Bye Bye Baby Blues

The stork has decided to pay you a visit, and you’re now the doting mother to an adorable baby. But as you hold your irreplaceable bundle of joy in your arms, surprisingly, it’s not just tears of happiness that flow down your cheeks. It is one of the happiest moments of your life. And so you wonder why the sadness keeps creeping up when you least expect it. Don’t worry; it’s not something to feel guilty about, and you are certainly not alone.

Often, the exact reason for these sudden bouts of depression cannot be pinned down. Women are prone to emotional vulnerability right after childbirth, as well as during pregnancy. Whether it is your first baby or the third, postpartum blues are natural. So don’t be surprised if your heart feels a bit heavy even as you watch your little one sleep peacefully.

What are these baby blues all about?

Many women experience extreme mood swings and surges of sadness that can begin before or right after childbirth. You might feel low, irritable or unusually tired (especially since there’s now another person that needs near-constant care and attention). These symptoms usually last just for a few days, but be prepared for longer bouts. One factor is the new mother’s hormonal imbalance, which takes a little while to get back to pre-pregnancy levels.

What can you do about it?

Relax! Remember that you’ve just gone through a life-changing experience. You need plenty of rest and a healthy diet. Exhaustion and stress will only add to your mood swings. Catch up on your sleep whenever the baby is asleep. And if you still feel your eyes welling up, don’t stifle those tears; expressing your feelings always helps.
“But nothing in my wardrobe fits anymore!”

How often have we heard this?! But not finding something to wear for an evening out is different from not finding anything at all that fits you in your wardrobe. After your delivery, one of the things at the top of your list is getting back into shape. When you open your closet, you’ll either find your pre-pregnancy clothes (which might not fit you anymore) or your newer maternity clothes (which you definitely do not want to wear!). Now, don’t let this upset you. What better reason than this to get out for a bit of shopping? It’s not called ‘retail therapy’ for nothing! Getting out can work wonders for your mood. But make sure you don’t go rushing out without checking with your doctor first!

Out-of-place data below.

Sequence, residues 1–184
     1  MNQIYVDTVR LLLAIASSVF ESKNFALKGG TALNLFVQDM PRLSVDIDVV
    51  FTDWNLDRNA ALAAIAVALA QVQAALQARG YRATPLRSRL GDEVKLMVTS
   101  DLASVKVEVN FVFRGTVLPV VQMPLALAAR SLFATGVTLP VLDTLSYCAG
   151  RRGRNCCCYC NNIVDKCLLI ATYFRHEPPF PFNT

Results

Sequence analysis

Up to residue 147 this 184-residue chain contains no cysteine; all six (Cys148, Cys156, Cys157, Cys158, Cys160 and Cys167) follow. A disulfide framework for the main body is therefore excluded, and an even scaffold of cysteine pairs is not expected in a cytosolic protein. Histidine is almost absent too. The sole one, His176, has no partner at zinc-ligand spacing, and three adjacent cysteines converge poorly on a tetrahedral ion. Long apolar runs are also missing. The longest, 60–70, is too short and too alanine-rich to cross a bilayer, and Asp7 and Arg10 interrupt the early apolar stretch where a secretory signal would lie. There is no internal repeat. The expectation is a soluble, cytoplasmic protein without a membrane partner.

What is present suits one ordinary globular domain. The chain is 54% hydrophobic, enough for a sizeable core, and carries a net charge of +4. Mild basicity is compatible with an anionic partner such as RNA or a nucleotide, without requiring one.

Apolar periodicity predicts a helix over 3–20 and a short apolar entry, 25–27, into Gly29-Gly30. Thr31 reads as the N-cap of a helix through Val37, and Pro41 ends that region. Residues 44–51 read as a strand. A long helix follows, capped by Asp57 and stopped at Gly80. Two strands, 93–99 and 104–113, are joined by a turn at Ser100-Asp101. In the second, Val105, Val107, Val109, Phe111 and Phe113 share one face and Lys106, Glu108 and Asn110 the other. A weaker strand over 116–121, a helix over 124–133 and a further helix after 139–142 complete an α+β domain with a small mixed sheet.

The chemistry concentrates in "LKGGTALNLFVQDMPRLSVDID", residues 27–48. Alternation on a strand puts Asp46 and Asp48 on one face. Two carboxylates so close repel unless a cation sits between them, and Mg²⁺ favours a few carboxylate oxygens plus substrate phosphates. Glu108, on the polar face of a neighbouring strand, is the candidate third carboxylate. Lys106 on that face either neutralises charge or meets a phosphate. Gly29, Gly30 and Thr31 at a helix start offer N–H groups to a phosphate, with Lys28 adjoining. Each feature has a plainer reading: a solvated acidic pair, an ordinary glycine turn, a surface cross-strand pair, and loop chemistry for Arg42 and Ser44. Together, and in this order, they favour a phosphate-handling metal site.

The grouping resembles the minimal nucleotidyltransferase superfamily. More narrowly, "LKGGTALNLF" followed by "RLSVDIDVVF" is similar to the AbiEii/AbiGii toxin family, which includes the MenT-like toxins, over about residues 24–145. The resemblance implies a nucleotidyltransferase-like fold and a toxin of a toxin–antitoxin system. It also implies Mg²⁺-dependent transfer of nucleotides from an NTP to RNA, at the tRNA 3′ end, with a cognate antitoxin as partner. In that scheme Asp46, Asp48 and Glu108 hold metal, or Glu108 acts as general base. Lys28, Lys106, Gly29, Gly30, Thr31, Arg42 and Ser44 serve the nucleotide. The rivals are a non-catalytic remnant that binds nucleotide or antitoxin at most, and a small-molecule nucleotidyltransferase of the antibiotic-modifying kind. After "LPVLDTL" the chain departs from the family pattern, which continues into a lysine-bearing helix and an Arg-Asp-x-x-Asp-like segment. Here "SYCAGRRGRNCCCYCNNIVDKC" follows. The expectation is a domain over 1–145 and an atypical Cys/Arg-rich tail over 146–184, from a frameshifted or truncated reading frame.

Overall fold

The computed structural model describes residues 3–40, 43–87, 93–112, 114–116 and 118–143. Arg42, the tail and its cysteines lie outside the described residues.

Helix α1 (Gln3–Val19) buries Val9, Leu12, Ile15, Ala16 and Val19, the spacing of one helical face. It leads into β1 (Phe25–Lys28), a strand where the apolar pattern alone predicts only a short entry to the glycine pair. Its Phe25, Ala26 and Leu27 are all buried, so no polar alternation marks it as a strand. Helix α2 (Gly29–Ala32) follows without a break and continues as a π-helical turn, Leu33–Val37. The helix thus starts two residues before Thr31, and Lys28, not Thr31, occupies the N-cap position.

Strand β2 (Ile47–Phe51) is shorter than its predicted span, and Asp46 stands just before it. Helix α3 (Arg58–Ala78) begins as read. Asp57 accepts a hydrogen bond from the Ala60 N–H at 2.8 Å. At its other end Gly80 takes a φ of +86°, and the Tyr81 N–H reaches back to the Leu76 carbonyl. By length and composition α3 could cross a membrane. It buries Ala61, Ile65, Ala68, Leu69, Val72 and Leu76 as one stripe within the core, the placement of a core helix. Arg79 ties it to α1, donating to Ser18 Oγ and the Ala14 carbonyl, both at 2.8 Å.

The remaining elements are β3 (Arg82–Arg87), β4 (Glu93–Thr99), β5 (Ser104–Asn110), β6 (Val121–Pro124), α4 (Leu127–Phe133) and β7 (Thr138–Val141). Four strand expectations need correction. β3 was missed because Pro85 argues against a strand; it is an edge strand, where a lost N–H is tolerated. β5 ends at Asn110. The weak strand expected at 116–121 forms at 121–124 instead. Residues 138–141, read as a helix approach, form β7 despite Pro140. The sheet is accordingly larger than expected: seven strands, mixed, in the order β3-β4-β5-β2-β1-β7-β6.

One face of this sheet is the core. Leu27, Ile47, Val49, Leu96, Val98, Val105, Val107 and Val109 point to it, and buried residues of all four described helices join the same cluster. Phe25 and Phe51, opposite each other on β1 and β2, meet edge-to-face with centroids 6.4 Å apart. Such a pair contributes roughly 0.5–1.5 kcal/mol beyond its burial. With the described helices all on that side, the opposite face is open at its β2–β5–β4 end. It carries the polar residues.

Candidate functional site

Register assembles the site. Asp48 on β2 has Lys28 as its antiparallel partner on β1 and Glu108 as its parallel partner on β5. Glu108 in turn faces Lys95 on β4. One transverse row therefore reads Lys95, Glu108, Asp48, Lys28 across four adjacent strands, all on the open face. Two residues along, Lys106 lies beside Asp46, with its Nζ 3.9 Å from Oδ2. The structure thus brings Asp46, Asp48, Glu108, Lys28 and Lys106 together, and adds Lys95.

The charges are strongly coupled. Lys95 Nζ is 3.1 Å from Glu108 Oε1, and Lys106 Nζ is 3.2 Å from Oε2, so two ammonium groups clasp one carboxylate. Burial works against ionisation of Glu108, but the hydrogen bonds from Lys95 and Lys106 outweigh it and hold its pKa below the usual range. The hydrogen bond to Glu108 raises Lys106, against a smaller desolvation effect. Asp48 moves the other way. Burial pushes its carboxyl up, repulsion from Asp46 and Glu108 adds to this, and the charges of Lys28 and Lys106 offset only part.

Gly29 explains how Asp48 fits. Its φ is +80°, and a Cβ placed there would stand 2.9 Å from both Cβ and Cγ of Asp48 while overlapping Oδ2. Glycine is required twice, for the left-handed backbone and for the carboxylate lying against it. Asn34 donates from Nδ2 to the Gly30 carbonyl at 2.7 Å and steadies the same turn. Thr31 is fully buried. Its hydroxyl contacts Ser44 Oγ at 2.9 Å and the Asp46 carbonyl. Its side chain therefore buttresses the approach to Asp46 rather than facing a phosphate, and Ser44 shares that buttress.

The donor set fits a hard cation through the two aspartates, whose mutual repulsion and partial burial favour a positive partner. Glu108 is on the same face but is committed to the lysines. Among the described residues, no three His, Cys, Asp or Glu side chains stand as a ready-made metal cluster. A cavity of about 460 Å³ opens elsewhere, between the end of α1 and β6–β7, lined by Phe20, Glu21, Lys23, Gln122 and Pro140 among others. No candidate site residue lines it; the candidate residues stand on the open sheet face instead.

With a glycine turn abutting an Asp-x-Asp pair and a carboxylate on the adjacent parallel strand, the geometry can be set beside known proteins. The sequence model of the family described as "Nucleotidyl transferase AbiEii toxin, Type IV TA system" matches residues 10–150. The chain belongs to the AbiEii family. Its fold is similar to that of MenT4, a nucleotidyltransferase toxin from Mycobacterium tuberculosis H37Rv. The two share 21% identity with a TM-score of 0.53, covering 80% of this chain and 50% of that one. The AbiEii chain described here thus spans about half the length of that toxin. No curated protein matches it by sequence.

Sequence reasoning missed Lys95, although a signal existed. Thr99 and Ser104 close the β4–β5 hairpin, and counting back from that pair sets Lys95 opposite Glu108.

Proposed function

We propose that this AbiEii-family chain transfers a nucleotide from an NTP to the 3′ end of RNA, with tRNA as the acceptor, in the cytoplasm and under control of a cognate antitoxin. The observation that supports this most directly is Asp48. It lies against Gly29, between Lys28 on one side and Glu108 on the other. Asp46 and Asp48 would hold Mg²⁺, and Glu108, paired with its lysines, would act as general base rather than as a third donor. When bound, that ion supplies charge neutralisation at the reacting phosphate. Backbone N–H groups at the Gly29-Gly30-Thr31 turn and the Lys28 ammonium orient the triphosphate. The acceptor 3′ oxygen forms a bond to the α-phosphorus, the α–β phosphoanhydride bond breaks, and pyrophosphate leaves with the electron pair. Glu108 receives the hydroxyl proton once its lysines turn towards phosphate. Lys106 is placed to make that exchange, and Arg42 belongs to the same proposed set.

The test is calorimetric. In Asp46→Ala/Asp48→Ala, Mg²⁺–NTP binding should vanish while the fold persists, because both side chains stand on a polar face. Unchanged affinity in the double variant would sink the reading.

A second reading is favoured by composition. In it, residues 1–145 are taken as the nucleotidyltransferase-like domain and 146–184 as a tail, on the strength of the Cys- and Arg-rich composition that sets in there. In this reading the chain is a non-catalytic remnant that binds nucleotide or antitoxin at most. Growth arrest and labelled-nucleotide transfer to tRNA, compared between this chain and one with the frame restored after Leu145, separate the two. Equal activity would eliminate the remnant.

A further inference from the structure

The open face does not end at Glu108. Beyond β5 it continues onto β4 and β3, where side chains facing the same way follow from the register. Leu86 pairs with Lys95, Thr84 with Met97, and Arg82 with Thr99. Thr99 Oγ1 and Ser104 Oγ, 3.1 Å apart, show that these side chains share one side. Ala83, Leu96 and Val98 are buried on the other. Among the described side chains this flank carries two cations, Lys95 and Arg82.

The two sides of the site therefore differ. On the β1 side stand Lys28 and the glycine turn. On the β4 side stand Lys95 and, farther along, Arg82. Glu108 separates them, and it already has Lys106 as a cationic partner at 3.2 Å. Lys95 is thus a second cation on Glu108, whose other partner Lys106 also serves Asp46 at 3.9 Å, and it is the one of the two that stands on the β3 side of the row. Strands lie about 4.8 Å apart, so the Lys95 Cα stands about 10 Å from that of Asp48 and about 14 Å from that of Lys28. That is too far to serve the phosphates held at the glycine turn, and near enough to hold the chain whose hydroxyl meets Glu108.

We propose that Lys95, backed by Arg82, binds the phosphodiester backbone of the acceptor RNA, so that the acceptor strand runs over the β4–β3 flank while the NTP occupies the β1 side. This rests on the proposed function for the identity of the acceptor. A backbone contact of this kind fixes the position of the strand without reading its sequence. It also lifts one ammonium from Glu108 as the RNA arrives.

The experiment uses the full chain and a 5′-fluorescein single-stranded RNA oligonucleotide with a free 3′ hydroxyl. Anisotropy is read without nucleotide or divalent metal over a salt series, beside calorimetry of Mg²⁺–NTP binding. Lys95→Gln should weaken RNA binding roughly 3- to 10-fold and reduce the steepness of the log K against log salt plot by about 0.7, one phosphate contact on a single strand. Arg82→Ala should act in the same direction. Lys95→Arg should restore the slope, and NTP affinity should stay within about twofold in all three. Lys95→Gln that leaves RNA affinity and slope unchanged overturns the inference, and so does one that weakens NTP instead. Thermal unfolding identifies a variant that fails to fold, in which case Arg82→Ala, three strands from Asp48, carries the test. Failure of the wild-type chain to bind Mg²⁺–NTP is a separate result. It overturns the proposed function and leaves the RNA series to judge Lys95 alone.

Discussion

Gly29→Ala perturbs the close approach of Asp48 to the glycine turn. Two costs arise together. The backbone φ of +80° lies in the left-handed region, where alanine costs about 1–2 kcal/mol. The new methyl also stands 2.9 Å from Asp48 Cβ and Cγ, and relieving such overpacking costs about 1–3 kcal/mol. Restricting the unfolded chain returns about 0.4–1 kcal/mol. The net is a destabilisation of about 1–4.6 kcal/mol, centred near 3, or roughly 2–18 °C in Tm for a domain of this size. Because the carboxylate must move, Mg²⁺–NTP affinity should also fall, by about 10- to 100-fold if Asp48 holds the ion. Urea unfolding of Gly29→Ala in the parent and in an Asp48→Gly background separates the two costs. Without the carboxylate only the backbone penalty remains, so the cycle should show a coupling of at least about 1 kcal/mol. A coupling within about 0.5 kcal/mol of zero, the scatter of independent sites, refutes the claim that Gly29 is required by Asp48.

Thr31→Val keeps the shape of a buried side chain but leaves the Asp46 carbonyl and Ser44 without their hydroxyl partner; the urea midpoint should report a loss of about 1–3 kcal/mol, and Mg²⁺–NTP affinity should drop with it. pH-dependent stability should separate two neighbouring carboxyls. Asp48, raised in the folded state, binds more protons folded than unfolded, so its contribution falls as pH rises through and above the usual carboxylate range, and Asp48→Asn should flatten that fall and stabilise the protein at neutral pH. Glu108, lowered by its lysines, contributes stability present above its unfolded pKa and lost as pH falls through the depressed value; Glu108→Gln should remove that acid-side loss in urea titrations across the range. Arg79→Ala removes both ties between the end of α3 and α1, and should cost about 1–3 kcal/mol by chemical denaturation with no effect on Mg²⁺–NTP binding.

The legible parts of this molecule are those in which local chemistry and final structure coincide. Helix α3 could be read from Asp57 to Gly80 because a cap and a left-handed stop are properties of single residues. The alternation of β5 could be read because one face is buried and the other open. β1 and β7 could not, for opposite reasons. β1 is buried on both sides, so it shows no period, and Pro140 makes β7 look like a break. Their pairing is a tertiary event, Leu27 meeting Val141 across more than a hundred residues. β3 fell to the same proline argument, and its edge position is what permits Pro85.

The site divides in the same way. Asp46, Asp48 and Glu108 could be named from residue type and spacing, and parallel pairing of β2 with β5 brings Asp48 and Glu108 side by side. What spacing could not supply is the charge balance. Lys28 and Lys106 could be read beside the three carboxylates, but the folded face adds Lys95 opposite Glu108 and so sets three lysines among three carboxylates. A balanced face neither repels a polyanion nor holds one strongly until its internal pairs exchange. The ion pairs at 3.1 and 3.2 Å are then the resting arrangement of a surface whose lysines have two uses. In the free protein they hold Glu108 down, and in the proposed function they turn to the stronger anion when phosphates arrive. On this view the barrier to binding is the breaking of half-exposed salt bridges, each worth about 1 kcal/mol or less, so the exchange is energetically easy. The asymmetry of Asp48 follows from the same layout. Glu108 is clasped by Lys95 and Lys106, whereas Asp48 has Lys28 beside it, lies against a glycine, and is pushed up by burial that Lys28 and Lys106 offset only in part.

pregnancy stress

It’s time for some pampering!

When you’re feeling blue, a little bit of pampering can definitely help. The shift of attention from you to the baby can make those blues even worse. Go ahead and pamper yourself a bit. Indulge in something that makes you feel better. Despite the new demands of motherhood, find some time to pick up a book, listen to music, visit the spa, take a walk in the fresh air or stop at your local coffee house for a cuppa. Talk to your friends and your family; they’ll be there for you, and if you want them to pamper you a bit, go ahead and ask. A little bit of indulgence can go a long way.

Eat right

The first few months with your newborn can be exhausting (even before the ‘terrible twos’ start!)  Your body will need all the energy it can get. Taking care of your baby may be at the top of your list, but don’t forget to take care of yourself. Eat healthy. Include protein-rich foods like milk and eggs, wholegrain breads, cereals and fruits. Make each meal count. Instead of three big meals, try having smaller meals at regular intervals. This will help reduce the see-sawing between fullness and hunger, and will give you more time with your baby. Grab a piece of fruit or a glass of milk in between. Drink plenty of water, and - this one might be difficult - cut down on the caffeine intake. Sleepless nights and exhaustion can tempt you to reach for that second cup of coffee or a candy bar. These are good only for that quick burst of energy; what you really need is fuel that can help get you through the whole day.

Exercise… in moderation!

Postpartum weight loss can be slow. Now is definitely not the time to rush to your local gym and start an extreme workout programme, or to cut down dramatically on calorie intake. Instead, try focusing on regaining your strength. Once you have fully recovered from the delivery and your doctor gives you the go-ahead, you can slowly start working on losing those extra kilos. A moderate workout routine can help you shed your pregnancy and make you feel better about yourself.

For many women, the “miracle of birth” comes with its share of ups and downs. But with proper rest, a nutritious diet, exercise and support from family and friends, those baby blues will quickly become a thing of the past!    

 - Pallavi